The mapping bug has bit me recently, as I continue to explore a variety of resources, including CartoDB, Mapbox, Leaflet, and now D3. While D3 is not a dedicated mapping platform like the others, it is perhaps the most flexible of all, due to the wealth of map projections provided by Mike Bostock, Jason Davies, and the rest of the D3 community. In addition, it provides nearly unlimited potential through the use of colors, labels, tooltips, and so on, all customizable using CSS.
My latest effort is a rather simple foray into a time-based map using population projections from the UN, found here. This map owes a debt of gratitude to a similar creation found on github from Rich Donohue. I was able to use his example as a starting point and then simply tweak a handful of settings, provide a different data source, and manipulate color schemes and the map projection. This is a basic choropleth map, where every country has a fill color based on the projected rate of population growth for every five-year period through 2100. I removed the data for the first half of each decade, as it didn’t add to the story. The result is a map that shows 10-year intervals for every country from 2020 through 2100.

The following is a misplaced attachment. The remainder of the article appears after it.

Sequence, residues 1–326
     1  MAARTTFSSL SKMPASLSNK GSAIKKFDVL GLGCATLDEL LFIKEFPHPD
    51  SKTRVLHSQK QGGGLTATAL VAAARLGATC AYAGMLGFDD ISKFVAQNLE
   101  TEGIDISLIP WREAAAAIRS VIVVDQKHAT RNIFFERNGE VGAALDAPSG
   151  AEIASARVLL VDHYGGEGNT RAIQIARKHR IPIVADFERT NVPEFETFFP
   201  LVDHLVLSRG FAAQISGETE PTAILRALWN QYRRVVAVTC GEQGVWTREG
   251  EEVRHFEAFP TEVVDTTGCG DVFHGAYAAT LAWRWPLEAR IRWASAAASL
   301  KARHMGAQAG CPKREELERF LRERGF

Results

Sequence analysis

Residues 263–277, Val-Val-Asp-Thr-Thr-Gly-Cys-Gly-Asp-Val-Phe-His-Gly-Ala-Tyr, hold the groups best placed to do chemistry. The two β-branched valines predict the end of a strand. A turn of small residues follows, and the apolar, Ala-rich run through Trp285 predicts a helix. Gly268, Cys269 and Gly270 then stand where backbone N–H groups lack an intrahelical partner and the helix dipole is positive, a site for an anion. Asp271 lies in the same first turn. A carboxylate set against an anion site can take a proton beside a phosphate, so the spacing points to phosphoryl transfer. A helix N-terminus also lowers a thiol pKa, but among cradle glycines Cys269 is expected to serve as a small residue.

Here’s a glimpse of the map, or click here to go to the full version:
This is a relatively simple example that barely scrapes the surface of what D3 can do, but it reinforces my love affair with open source tools and communities. More to come.by